September 7, 2017 - 2:42 pm
Updated September 7, 2017 - 7:30 pm
Nevada will enter the fray to persuade Amazon to open a second company headquarters locally.
Amazon announced Thursday that it will scout for buildings at least 500,000 square feet in size and undeveloped sites that measure about 100 acres.
Representatives of the Governor’s Office of Economic Development and the Las Vegas Global Economic Alliance said they will work together on a package for Amazon.
“We have a very solid relationship with Amazon,” said Steve Hill, executive director of the state agency.
“Our goal is to compete for projects on all levels,” LVGEA CEO Jonas Peterson said. “We believe our community has a great product to offer headquarters-related projects.”’
The technology giant announced Thursday that it plans to hire as many as 50,000 full-time workers. It plans to invest $5 billion in construction and operation of the new location, which it is calling Amazon HQ2.
“We expect HQ2 to be a full equal to our Seattle headquarters,” Jeffrey Bezos, founder and chief executive of Amazon, said in a statement. “Amazon HQ2 will bring billions of dollars in up-front and ongoing investments, and tens of thousands of high-paying jobs. We’re excited to find a second home.”
Amazon is seeking proposals from local, state and provincial government leaders, and it says it is focusing on metropolitan areas with more than 1 million people. It is also looking for areas that can attract and retain technical workers and “a stable and business-friendly environment.”
News of the search has unleashed a wave of speculation about where the world’s largest online retailer could set up shop. But experts say the company’s decision is likely to be as much about politics as it is about logistics and incentives. Bezos has been a vocal opponent of President Donald Trump’s immigration bans, and this week he was among hundreds of tech leaders who urged Trump to reconsider his stance on the Deferred Action for Childhood Arrivals program.
“The fact that Amazon is even considering Canada and Mexico shows how important politics has become in the site-selection process,” said Joyn Boyd, a Princeton, New Jersey-based location consultant whose clients include Boeing, Chevron and JPMorgan Chase. “This is a high-profile search, and Amazon has an incredible amount of wherewithal to influence state and federal legislation.”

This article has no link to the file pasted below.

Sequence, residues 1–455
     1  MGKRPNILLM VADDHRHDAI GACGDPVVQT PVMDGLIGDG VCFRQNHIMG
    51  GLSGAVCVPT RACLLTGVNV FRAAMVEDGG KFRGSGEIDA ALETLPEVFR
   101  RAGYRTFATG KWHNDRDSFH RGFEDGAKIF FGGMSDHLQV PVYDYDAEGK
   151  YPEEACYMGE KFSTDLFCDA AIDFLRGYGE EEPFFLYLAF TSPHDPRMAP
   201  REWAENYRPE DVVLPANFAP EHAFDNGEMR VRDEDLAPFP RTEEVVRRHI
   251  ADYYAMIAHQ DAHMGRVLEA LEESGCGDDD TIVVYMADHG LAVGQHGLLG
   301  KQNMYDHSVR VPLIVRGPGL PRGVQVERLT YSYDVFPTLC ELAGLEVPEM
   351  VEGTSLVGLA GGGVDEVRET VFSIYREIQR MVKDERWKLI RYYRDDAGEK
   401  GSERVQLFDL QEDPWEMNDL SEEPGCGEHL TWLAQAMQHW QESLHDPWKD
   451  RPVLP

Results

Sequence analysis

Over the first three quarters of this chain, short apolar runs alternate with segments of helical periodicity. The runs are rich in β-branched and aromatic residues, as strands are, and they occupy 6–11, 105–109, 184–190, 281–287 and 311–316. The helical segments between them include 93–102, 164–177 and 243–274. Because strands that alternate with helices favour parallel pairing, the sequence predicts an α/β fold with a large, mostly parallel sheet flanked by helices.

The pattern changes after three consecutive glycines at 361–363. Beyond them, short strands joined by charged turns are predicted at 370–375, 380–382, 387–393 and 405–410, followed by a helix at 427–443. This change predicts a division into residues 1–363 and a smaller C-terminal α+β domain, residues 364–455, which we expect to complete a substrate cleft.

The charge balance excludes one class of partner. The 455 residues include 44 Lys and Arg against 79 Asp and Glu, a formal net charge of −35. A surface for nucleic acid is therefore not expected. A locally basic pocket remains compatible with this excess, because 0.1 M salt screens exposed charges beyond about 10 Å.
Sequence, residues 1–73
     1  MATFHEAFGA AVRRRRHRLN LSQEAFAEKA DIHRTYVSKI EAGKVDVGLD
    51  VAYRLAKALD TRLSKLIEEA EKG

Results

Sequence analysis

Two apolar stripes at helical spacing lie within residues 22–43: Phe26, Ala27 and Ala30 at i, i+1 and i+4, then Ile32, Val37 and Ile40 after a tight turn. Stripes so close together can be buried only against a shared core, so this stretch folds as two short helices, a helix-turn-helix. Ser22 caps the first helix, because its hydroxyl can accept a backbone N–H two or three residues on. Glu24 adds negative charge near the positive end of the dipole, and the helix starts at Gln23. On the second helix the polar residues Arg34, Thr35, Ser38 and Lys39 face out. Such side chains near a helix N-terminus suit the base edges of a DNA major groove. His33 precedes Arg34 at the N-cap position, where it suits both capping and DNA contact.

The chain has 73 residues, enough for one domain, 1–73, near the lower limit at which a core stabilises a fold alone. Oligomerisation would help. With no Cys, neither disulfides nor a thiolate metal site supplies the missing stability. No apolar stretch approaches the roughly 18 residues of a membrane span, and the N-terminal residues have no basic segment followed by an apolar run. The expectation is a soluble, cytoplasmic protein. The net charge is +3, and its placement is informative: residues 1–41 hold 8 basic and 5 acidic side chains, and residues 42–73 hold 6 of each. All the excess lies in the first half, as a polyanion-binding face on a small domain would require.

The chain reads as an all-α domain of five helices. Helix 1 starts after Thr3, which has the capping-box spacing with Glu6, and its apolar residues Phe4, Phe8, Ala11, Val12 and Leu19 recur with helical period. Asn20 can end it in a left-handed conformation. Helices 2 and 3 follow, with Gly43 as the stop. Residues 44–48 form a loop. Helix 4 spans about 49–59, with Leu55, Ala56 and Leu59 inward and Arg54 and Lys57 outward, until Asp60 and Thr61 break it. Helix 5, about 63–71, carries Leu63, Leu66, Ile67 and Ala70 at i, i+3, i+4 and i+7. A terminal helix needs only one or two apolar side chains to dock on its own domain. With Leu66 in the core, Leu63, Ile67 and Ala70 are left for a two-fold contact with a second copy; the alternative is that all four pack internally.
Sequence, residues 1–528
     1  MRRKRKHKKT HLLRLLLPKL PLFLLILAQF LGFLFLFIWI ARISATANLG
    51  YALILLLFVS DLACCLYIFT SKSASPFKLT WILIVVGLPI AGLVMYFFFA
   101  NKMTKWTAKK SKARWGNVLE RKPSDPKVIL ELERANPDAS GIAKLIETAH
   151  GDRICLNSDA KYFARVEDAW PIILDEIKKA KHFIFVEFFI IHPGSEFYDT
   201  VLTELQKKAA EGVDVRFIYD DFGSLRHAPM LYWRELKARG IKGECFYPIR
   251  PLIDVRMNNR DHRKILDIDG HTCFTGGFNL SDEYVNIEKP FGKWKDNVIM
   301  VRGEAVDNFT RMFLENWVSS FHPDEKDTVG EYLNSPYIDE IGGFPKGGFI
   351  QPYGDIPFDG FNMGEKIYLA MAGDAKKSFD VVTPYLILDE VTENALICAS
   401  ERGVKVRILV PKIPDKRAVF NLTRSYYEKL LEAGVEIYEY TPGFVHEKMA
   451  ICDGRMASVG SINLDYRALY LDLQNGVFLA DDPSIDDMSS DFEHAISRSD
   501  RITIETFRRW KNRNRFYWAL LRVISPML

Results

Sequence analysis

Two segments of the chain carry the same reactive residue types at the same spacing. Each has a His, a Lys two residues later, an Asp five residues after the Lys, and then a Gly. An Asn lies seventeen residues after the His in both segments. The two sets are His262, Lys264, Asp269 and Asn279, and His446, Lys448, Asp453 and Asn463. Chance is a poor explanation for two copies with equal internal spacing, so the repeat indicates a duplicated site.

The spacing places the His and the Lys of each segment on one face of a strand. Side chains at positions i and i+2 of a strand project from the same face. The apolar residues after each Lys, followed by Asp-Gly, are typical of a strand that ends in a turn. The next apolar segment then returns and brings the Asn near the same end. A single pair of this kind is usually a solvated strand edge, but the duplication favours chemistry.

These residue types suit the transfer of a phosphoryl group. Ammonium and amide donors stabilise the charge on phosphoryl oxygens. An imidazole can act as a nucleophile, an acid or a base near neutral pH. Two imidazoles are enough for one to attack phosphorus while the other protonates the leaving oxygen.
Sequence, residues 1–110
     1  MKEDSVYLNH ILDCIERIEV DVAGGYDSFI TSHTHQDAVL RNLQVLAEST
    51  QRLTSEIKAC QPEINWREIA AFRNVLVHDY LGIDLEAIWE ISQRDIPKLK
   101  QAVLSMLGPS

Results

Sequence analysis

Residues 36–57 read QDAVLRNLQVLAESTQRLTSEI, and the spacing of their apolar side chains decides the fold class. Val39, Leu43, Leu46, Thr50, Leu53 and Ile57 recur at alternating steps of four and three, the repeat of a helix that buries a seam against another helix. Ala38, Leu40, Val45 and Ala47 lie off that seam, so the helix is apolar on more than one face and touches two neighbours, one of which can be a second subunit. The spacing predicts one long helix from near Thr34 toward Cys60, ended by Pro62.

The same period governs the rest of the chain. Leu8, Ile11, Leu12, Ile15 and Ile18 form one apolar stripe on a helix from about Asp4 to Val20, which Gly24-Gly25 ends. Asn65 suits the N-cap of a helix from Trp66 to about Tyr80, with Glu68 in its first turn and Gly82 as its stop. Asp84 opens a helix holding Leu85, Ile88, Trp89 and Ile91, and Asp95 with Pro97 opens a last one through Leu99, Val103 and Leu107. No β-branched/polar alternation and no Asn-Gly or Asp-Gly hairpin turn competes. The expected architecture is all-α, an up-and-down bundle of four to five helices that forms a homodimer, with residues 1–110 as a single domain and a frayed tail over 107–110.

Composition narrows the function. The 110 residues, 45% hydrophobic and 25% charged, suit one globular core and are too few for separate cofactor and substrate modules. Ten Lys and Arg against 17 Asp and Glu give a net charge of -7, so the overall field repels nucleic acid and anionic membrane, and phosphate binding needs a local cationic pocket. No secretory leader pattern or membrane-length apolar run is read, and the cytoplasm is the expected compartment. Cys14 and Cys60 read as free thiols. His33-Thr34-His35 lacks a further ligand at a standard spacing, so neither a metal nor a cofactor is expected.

Toronto, where it is easier to hire foreign workers than in the United States, could be a top contender for Amazon’s new headquarters, according to Boyd. Other areas he thinks are likely: New Jersey, South Florida, northern Virginia and Atlanta.
“This is the most coveted headquarters project in the country, and Amazon will use it as a way to grow even faster,” Boyd said. “New infrastructure investments, workforce training programs, tax incentives — all of those will help Amazon down the line.”
Among the criteria it will consider, Amazon says, are tax exemptions and other incentives, including relocation grants and fee reductions. “The initial cost and ongoing cost of doing business are critical decision drivers,” the company said in its request for proposals.
It added that the location does not need to be in an urban or downtown location, or a development-prepped site. However, the site should be within two miles of a major highway and have access to mass transit. Amazon said it will give priority to existing buildings that are at least 500,000 square feet and undeveloped sites that measure about 100 acres.
“We want to encourage states and communities to think creatively for viable real estate options, while not negatively affecting our preferred timeline,” the company said.
Contact Wade Tyler Millward at firstname.lastname@example.org or 702-383-4602. Follow @wademillward on Twitter. The Washington Post contributed to this report.